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An oligopoly is a market form in which a market or industry is dominated by a small number of sellers (oligopolists). The word is derived, by analogy with "monopoly", from the Greek ὀλίγοι (oligoi) "few" + πωλειν (polein) "to sell". Because there are few sellers, each oligopolist is likely to be aware of the actions of the others. The decisions of one firm influence, and are influenced by, the decisions of other firms. Strategic planning by oligopolists needs to take into account the likely responses of the other market participants.



Oligopoly is a common market form. As a quantitative description of oligopoly, the four-firm concentration ratio is often utilized. This measure expresses the market share of the four largest firms in an industry as a percentage. For example, as of fourth quarter 2008, Verizon, AT&T, Sprint Nextel, and T-Mobile together control 89% of the US cellular phone market.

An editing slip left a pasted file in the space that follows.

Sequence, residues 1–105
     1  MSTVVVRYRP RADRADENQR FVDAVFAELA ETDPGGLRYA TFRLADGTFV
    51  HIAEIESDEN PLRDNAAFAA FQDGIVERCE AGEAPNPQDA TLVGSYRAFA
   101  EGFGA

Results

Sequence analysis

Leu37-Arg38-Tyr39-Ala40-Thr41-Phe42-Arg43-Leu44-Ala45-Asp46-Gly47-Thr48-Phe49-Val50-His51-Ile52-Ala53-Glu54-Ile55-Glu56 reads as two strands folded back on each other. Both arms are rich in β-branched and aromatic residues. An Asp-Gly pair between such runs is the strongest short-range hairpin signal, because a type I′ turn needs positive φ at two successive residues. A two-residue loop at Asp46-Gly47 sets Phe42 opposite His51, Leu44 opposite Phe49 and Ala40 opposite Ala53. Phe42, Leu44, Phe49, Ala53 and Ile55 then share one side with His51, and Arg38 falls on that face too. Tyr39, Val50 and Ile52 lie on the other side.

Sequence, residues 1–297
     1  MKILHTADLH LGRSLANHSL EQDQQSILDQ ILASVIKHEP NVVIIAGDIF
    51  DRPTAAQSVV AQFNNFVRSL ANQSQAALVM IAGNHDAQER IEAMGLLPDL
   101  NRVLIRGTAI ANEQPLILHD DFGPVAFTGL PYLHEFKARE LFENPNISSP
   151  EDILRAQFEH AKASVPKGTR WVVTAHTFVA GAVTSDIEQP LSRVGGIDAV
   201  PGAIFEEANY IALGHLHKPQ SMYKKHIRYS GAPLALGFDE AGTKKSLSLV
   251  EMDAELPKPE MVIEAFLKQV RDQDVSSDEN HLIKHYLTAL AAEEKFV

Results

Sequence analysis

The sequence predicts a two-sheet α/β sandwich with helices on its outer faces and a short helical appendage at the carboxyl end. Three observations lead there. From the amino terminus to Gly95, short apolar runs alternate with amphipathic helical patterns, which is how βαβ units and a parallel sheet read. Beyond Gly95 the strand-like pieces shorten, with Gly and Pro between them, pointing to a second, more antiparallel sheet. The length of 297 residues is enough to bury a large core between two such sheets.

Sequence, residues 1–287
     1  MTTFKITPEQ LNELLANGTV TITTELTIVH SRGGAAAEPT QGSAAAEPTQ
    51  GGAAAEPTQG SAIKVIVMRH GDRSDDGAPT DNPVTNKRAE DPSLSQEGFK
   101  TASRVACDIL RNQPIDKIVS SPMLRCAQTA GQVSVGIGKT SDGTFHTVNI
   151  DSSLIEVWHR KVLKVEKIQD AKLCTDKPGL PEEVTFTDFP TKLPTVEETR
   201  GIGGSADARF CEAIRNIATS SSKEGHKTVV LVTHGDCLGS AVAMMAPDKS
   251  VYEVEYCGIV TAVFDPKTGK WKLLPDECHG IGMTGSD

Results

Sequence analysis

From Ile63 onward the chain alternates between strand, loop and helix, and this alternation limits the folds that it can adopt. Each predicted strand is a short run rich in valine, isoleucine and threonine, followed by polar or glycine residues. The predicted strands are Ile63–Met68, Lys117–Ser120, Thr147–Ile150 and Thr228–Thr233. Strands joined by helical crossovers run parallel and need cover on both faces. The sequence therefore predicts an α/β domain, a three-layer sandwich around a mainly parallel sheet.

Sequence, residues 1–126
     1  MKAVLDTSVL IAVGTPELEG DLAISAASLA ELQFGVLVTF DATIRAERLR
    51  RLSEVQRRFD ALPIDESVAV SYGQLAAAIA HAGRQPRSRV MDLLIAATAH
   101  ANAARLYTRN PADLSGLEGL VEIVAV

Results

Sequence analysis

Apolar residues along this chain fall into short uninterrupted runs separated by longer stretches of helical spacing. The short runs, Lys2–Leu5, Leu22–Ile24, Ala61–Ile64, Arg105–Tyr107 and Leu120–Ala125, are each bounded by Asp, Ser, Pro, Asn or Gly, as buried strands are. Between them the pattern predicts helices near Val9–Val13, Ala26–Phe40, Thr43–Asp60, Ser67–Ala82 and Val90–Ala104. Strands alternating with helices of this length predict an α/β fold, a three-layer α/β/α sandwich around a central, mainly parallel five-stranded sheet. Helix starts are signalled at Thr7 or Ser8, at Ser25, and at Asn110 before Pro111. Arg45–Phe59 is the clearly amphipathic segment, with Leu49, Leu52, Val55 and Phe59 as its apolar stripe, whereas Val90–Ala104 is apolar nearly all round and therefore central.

Oligopolistic competition can give rise to a wide range of different outcomes. In some situations, the firms may employ restrictive trade practices (collusion, market sharing etc.) to raise prices and restrict production in much the same way as a monopoly. Where there is a formal agreement for such collusion, this is known as a cartel. A primary example of such a cartel is OPEC which has a profound influence on the international price of oil.

Firms often collude in an attempt to stabilize unstable markets, so as to reduce the risks inherent in these markets for investment and product development.[citation needed] There are legal restrictions on such collusion in most countries. There does not have to be a formal agreement for collusion to take place (although for the act to be illegal there must be actual communication between companies)–for example, in some industries there may be an acknowledged market leader which informally sets prices to which other producers respond, known as price leadership.

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